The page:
A 51-year-old female presented to our outpatient department with bilateral knee pain and difficulty in ambulation without aid. On examination, she had bilateral medial joint line tender-ness and an antalgic gait with bilateral varus thrust. Plain radiographs confirmed bilateral Grade 4 osteoarthritis (Fig. 3A-D). Bilateral TKA was done on July 27, 2015, using CS Genesis II from Smith and Nephew. The patient had an uneventful intraoperative and post-operative course with physiotherapy and aided ambulation initiated on the 2nd day after the surgery. On follow-up, the patient was pain free, was doing active physiotherapy exercises with knee flexion range of 0–1100 bilaterally, and was walking without support. Three years later, she had a fall in her bathroom and presented with pain and swelling in the left knee. She complained of the presence of a swelling in the left popliteal area for 1 year, for which she was consulting a local medical practitioner; after the fall, she developed pain in the knee for which she was referred to the primary operating surgeon. On examination, a tender swelling was palpable in the popliteal fossa, extending up to the mid-calf (Fig. 4A, B). Homan’s sign was negative and the knee flexion was restricted due to pain in the knee. All blood tests to rule out infection were within the normal range. The ESR was 12 mm at 1st hour and the quantitative CRP was 6 mg/l. The total white blood cells count was 9500 and the D- dimer levels were normal. Radiographs showed no evidence of osteolysis, fracture, or implant loosening (Fig. 5A-D). Color Doppler for DVT was negative. The USG of the cyst showed hypoechoic echoes in a Baker’s cyst-like collection (Fig. 6). Aspiration under all aseptic conditions was done, and cytological findings were suggestive of hemorrhagic nature of the aspirate, without any evidence of polyethylene debris. The cultures were sterile. The patient was advised rest, graduated physiotherapy, and minimal walking with stick. She became asymptomatic over the next 4 weeks; but a mild swelling persisted for 3 months. The patient has been asymptomatic with no complaints, and even at the last follow-up at 4-year post-TKR, there was no evidence of any implant-related issues.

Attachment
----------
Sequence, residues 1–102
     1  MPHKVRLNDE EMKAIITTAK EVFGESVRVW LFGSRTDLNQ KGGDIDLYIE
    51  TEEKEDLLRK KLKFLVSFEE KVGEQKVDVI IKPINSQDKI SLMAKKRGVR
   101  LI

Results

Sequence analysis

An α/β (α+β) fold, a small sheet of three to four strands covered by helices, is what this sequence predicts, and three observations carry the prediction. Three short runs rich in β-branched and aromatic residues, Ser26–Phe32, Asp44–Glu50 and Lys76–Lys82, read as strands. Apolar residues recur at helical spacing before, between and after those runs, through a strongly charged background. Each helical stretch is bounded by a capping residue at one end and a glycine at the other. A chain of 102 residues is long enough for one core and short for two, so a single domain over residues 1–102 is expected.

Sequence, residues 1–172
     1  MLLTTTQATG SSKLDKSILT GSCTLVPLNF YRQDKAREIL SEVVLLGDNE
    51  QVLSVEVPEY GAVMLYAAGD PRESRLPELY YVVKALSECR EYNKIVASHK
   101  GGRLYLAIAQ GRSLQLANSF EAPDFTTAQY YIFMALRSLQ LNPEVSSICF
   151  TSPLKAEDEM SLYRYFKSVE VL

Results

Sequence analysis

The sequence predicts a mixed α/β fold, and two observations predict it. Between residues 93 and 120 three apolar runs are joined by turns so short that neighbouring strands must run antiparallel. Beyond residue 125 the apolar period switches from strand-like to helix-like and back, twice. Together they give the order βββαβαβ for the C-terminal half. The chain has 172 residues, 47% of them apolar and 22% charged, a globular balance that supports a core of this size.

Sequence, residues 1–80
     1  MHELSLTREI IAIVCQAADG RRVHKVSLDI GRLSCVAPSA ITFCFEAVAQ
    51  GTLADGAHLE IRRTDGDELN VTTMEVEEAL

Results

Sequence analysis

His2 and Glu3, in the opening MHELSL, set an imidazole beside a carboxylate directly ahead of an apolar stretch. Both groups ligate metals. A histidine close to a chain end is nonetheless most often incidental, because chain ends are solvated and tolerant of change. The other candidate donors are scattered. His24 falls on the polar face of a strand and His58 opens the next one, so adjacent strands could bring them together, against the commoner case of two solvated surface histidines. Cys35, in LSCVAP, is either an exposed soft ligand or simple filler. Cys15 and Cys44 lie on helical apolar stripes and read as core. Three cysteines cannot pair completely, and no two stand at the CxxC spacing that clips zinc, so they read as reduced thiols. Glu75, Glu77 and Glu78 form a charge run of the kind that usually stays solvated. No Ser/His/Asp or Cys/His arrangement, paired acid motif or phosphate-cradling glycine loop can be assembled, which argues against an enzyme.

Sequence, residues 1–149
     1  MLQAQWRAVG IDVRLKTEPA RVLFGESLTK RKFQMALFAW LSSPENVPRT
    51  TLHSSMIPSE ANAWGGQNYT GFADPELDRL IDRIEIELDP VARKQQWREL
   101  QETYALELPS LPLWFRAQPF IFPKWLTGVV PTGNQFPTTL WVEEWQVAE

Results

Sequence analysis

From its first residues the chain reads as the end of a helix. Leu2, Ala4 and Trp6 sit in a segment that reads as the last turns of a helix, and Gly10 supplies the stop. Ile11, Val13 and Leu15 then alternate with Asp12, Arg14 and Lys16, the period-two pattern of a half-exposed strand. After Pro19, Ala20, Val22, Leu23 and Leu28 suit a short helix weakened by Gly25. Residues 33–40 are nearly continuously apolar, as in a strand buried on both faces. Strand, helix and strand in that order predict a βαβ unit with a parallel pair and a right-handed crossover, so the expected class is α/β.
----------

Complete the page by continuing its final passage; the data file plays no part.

Delayed pain around the knee joint following TKA is not uncommon and could be due to infection, DVT, osteolysis, loosening, or a periprosthetic fracture. Baker’s cysts as cause of pain and discomfort in the popliteal fossa after TKA are reportedly rare [6, 7, 9, 10, 11, 12, 13, 14, 15, 16]. They could mimic the more common thrombophlebitis and DVT and this could further delay the diagnosis . The reported prevalence of DVT after TKR has been between 40% and 80%, and any pain of sudden onset always arouses the suspicion of DVT. The rarity of Baker’s cyst makes it a difficult diagnosis. A primary PubMed search was done on 20th December 2020 with keywords; (“arthroplasty, replacement, knee”[MeSH Terms] OR (“arthroplasty”[All Fields] AND “replacement”[All Fields] AND “knee”[All Fields]) OR “knee replacement arthroplasty”[All Fields] OR (“total”[All Fields] AND “knee”[All Fields] AND “replacement”[All Fields]) OR “TKR”[All Fields]) AND (“popliteal cyst”[MeSH Terms] OR (“popliteal”[All Fields] AND “cyst”[All Fields]) OR “popliteal cyst”[All Fields] OR (“Baker’s”[All Fields] AND “cyst”[All Fields]) OR “Baker’s cyst”[All Fields]). It yielded only 22 hits. Of these, we identified 8 studies that had reported these cysts post-operatively in TKR patients (Table 1).